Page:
We previously reported on this case in our blog dated
December 21, 2015. The background of the dispute is as follows.
A dispute arose between an insurer and its insured under four
written program agreements, each containing an arbitration clause.
The insurer filed a single demand for arbitration with the American
Arbitration Association (the "AAA"), alleging that the
insureds failed to pay amounts due under the four program
agreements. The insureds raised various objections to the
arbitration demand, including that they were entitled to four
separate arbitrations. The AAA ruled that the arbitration would
continue as one arbitration, and the insureds appointed the sole
arbitrator. Shortly thereafter, the insureds filed an action in
Texas state court, seeking a Temporary Restraining Order
("TRO") to stay the arbitration because it had been
improperly consolidated. The Texas court granted the TRO, stating
that the AAA had failed to follow the arbitration agreements by
administering one proceeding, not four, and enjoined the AAA from
administering the arbitration. The AAA removed the Texas action to
federal court, and filed a motion to dismiss, to which the insureds
did not file a response. After the TRO expired, the AAA attempted
to resume administration of the arbitration, but the insureds would
not participate in the arbitration and informed the AAA that their
counsel could not communicate with the AAA given the pending Texas
action. Thus, the insurer filed an action in Illinois federal
court, where the arbitration was pending, seeking to compel
arbitration, which was granted in November 2015. The parties then
returned to arbitration.
In the arbitration, predicting future legal resistance from the
insured, the insurer petitioned the arbitrators for the insured to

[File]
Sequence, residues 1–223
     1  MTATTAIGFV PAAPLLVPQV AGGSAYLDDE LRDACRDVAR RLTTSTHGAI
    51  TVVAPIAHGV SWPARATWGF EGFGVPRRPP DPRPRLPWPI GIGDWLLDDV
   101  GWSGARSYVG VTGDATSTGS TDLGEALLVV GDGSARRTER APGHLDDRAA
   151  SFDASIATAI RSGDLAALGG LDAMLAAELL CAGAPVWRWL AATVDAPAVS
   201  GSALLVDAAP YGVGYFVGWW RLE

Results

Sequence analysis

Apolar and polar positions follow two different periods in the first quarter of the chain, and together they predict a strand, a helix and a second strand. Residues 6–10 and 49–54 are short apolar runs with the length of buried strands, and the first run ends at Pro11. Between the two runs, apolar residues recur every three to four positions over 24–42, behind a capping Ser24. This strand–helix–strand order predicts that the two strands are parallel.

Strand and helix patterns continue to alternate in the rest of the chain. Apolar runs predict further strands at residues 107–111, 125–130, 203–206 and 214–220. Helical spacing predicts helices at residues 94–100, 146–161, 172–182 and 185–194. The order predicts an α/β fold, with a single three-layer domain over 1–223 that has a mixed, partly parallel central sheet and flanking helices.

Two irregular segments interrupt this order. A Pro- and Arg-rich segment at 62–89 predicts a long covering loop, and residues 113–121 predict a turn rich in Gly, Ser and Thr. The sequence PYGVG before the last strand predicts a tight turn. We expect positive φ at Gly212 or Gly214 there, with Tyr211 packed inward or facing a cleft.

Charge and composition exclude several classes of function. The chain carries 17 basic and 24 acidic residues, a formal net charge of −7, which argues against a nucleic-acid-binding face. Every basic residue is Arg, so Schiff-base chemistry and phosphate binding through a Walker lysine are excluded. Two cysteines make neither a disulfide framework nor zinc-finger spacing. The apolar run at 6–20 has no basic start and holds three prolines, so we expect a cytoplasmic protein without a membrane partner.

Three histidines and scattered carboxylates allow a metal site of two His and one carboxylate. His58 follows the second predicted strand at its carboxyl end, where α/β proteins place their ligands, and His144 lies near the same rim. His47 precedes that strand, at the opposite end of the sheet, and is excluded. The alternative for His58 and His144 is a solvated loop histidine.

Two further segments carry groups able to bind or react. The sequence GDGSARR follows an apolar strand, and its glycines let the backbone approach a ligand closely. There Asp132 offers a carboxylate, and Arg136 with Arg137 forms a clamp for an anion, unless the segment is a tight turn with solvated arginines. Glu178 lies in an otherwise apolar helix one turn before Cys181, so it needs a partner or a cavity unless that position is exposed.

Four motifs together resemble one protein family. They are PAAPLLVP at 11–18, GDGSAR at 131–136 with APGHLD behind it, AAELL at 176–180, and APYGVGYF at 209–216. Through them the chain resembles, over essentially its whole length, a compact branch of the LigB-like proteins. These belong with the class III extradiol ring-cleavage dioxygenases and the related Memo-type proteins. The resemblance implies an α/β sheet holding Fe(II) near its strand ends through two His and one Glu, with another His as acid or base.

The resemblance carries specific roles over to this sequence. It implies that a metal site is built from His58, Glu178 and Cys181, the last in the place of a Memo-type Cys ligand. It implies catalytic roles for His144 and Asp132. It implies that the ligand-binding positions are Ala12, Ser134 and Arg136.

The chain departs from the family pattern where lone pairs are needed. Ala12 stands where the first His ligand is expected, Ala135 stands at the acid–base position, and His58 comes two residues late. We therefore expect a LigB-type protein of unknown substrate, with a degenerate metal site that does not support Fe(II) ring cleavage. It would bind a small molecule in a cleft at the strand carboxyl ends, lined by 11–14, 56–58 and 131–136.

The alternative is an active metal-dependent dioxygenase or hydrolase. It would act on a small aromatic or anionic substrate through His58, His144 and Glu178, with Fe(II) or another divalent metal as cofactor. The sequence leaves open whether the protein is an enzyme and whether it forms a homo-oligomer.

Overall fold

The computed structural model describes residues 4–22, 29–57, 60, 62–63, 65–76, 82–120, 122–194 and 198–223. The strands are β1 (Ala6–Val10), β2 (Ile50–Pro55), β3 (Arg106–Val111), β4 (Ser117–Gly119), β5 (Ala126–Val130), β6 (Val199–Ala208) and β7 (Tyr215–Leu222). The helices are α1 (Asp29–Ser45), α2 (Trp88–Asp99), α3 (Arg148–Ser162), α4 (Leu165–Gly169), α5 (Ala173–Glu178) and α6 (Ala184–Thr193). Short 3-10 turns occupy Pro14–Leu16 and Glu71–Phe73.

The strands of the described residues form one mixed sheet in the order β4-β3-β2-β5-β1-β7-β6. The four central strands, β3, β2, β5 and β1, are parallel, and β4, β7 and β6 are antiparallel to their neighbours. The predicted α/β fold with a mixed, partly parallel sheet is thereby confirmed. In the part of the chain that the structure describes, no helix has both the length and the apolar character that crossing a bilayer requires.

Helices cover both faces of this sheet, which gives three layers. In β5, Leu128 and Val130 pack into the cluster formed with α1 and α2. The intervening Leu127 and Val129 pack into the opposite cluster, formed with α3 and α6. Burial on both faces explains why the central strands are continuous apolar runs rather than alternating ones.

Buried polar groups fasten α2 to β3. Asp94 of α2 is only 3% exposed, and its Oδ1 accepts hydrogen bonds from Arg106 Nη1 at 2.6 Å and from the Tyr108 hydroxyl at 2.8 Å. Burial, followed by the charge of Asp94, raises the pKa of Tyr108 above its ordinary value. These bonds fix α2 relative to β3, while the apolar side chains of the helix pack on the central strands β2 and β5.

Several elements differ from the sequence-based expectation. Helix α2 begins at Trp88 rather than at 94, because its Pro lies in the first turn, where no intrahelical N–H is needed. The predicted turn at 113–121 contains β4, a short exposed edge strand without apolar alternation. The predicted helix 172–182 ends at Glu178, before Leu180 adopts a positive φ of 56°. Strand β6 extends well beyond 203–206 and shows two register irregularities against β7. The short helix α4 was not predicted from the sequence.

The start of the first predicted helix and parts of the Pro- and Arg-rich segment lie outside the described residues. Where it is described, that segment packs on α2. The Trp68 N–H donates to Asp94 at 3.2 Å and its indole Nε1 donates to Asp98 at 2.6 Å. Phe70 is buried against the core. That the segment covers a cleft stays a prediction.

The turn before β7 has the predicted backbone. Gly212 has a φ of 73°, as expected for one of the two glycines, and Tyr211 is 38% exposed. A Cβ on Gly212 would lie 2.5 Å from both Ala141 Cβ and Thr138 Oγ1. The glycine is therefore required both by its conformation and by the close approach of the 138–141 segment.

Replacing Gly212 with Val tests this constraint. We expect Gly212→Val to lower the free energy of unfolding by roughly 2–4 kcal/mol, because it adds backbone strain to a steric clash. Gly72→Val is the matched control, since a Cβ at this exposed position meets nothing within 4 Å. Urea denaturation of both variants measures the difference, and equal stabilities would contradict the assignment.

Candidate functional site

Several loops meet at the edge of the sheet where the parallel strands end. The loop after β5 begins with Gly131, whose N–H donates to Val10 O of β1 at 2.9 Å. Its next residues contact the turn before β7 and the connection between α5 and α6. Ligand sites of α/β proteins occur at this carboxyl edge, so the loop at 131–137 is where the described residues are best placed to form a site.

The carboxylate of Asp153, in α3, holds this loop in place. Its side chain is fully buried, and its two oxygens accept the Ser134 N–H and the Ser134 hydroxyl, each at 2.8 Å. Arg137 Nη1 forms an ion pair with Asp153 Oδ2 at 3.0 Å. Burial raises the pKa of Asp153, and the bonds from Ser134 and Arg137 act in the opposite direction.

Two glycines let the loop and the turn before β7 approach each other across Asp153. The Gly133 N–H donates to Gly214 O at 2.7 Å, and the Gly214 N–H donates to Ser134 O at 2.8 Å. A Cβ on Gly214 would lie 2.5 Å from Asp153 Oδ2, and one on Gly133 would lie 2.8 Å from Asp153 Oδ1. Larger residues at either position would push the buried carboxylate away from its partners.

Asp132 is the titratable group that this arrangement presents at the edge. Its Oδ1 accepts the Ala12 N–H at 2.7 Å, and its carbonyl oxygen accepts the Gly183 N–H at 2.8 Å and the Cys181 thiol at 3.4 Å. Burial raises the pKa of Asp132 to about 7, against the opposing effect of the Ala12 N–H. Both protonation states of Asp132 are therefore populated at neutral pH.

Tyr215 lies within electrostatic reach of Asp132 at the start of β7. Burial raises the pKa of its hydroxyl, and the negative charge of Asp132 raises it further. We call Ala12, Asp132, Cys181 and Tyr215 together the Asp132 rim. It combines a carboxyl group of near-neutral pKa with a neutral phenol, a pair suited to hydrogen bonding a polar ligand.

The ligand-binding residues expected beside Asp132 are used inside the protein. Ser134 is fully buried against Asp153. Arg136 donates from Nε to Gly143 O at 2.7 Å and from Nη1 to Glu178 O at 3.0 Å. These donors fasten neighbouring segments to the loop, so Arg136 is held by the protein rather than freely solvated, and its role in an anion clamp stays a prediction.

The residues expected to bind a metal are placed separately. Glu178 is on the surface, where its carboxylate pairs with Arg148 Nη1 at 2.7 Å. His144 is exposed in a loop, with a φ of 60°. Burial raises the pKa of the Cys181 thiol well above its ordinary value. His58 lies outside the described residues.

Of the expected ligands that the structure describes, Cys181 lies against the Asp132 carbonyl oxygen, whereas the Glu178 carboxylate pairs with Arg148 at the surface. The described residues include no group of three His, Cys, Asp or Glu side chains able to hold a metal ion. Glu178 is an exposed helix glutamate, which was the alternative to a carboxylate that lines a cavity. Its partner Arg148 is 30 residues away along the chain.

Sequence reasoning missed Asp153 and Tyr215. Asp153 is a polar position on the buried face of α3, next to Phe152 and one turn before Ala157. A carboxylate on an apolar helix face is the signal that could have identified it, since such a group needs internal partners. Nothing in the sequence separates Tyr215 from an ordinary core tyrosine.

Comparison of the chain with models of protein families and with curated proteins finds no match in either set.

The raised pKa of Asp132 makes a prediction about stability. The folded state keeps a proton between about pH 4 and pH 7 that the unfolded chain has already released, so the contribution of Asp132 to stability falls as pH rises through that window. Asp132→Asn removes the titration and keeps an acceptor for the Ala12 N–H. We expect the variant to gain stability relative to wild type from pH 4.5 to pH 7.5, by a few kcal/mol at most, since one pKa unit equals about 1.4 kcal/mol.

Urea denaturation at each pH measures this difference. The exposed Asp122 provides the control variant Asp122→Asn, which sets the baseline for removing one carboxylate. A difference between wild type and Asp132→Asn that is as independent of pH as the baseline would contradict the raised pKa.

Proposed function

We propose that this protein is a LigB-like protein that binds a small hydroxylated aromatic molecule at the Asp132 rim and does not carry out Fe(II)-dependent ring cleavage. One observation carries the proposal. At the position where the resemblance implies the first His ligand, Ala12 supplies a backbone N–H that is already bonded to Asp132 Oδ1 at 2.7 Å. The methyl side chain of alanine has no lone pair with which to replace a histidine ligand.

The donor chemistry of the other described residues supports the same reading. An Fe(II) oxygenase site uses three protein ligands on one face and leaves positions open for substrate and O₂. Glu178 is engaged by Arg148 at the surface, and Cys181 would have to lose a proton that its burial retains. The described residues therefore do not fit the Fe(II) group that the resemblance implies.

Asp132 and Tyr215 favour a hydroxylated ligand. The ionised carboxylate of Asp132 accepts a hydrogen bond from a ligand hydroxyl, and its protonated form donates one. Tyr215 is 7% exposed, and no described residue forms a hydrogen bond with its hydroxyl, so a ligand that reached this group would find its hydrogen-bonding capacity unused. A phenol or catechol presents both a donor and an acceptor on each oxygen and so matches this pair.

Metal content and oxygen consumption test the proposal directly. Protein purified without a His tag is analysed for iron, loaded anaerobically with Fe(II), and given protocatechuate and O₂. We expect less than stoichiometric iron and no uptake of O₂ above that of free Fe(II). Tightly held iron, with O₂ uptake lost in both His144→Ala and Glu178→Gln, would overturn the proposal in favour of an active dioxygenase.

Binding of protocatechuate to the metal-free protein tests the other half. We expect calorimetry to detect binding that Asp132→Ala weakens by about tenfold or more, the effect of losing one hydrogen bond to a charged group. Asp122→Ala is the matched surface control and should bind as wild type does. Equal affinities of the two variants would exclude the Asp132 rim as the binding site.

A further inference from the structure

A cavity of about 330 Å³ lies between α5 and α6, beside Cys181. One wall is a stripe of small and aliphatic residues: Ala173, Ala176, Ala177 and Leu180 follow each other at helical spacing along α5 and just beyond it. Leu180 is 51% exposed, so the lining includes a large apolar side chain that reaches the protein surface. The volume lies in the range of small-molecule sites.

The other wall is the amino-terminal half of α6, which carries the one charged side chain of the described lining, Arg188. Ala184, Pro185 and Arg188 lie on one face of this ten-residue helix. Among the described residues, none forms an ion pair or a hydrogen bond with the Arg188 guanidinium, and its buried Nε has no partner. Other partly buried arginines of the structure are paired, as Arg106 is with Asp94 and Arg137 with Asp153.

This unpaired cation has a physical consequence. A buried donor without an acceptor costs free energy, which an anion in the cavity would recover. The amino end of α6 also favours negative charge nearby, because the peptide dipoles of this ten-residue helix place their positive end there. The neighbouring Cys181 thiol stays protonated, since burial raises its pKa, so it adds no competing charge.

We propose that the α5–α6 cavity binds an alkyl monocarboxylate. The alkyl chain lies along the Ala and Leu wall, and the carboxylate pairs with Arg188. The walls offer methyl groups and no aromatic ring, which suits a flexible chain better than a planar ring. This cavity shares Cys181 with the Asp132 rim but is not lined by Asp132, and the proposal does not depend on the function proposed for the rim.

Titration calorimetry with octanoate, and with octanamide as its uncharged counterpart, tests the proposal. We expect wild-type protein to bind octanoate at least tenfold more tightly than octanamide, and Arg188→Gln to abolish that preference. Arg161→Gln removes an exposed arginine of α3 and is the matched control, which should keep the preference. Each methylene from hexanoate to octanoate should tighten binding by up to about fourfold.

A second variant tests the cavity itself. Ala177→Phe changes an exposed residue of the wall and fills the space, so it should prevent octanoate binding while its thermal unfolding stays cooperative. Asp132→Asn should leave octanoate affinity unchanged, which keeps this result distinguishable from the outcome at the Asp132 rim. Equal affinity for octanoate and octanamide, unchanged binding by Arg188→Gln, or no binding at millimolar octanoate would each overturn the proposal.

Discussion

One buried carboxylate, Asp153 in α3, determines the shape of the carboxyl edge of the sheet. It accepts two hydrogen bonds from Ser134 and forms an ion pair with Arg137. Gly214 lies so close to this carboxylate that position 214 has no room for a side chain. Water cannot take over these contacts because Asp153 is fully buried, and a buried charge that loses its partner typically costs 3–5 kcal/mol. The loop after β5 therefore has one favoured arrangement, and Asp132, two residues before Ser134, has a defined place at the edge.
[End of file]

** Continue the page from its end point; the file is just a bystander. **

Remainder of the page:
post pre-hearing security. The arbitrators granted the petition,
and ordered the insured to post about $4.6 million in security. The
insured did not post such security, and the insurer thus sought to
confirm the panel's pre-hearing award for security in the
Illinois federal court. In response, the insured argued that the
award should be vacated because the arbitrators exceeded their
authority under Section 10(a)(4) of the Federal Arbitration Act
The Illinois federal court first found that an interim
pre-hearing security award is an "award" under the FAA.
Thus, the court noted that, under the FAA, it must confirm the
award unless a statutory exception applies, one of which is Section
10(a)(4)of the FAA. The court also noted that a party seeking
relief under Section 10(a)(4) bears a heavy burden and that strong
deference is given to arbitrators' decisions. Then, focusing on
the parties' program agreements, the court held that there is
support for the pre-hearing security award in the agreements and
arbitration clause. Although the agreements did not mention
prehearing security as a remedy available to the parties, the court
noted that it does not mean such remedy is not available. In this
regard, citing other precedents, the court noted that "[i]f an
enumeration of remedies were necessary, in many cases the
arbitrator[s] would be powerless to impose any remedy, and that
would not be correct. Since the arbitrator[s] derive all [their]
powers from the agreement, the agreement must implicitly grant [the
arbitrators] remedial powers when there is no explicit grant."
The court then stated that the arbitration clause at issue provided
that the arbitration was to be conducted under the AAA Rules, which
allow for interim awards of security. Thus, the court held that, by
adopting the AAA Rules into their agreements, the parties
implicitly included the arbitrators' authority to grant an
award like the interim security award at issue. Finding the
insured's arguments to vacate unpersuasive, the court then
granted the insurer's motion to confirm the pre-hearing
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